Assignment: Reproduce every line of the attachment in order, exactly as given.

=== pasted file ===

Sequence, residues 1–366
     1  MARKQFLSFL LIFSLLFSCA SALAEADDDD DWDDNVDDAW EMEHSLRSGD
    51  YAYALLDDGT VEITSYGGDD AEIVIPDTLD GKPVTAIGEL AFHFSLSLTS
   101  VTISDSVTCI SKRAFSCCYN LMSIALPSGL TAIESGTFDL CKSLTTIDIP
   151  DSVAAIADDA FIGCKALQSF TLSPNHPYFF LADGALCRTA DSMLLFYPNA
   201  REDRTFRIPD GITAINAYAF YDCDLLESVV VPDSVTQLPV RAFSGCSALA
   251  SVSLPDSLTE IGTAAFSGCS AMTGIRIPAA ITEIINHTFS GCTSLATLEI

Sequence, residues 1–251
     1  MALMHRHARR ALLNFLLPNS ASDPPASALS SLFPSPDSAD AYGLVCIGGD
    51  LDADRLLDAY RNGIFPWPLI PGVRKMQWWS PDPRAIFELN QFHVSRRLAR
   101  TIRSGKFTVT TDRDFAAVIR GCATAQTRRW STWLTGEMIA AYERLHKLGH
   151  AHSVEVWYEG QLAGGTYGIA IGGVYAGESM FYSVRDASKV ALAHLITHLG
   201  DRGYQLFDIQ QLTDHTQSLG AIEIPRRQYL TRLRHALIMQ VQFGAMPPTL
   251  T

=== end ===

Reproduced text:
Sequence, residues 1–366
     1  MARKQFLSFL LIFSLLFSCA SALAEADDDD DWDDNVDDAW EMEHSLRSGD
    51  YAYALLDDGT VEITSYGGDD AEIVIPDTLD GKPVTAIGEL AFHFSLSLTS
   101  VTISDSVTCI SKRAFSCCYN LMSIALPSGL TAIESGTFDL CKSLTTIDIP
   151  DSVAAIADDA FIGCKALQSF TLSPNHPYFF LADGALCRTA DSMLLFYPNA
   201  REDRTFRIPD GITAINAYAF YDCDLLESVV VPDSVTQLPV RAFSGCSALA
   251  SVSLPDSLTE IGTAAFSGCS AMTGIRIPAA ITEIINHTFS GCTSLATLEI

Sequence, residues 1–251
     1  MALMHRHARR ALLNFLLPNS ASDPPASALS SLFPSPDSAD AYGLVCIGGD
    51  LDADRLLDAY RNGIFPWPLI PGVRKMQWWS PDPRAIFELN QFHVSRRLAR
   101  TIRSGKFTVT TDRDFAAVIR GCATAQTRRW STWLTGEMIA AYERLHKLGH
   151  AHSVEVWYEG QLAGGTYGIA IGGVYAGESM FYSVRDASKV ALAHLITHLG
   201  DRGYQLFDIQ QLTDHTQSLG AIEIPRRQYL TRLRHALIMQ VQFGAMPPTL
   251  T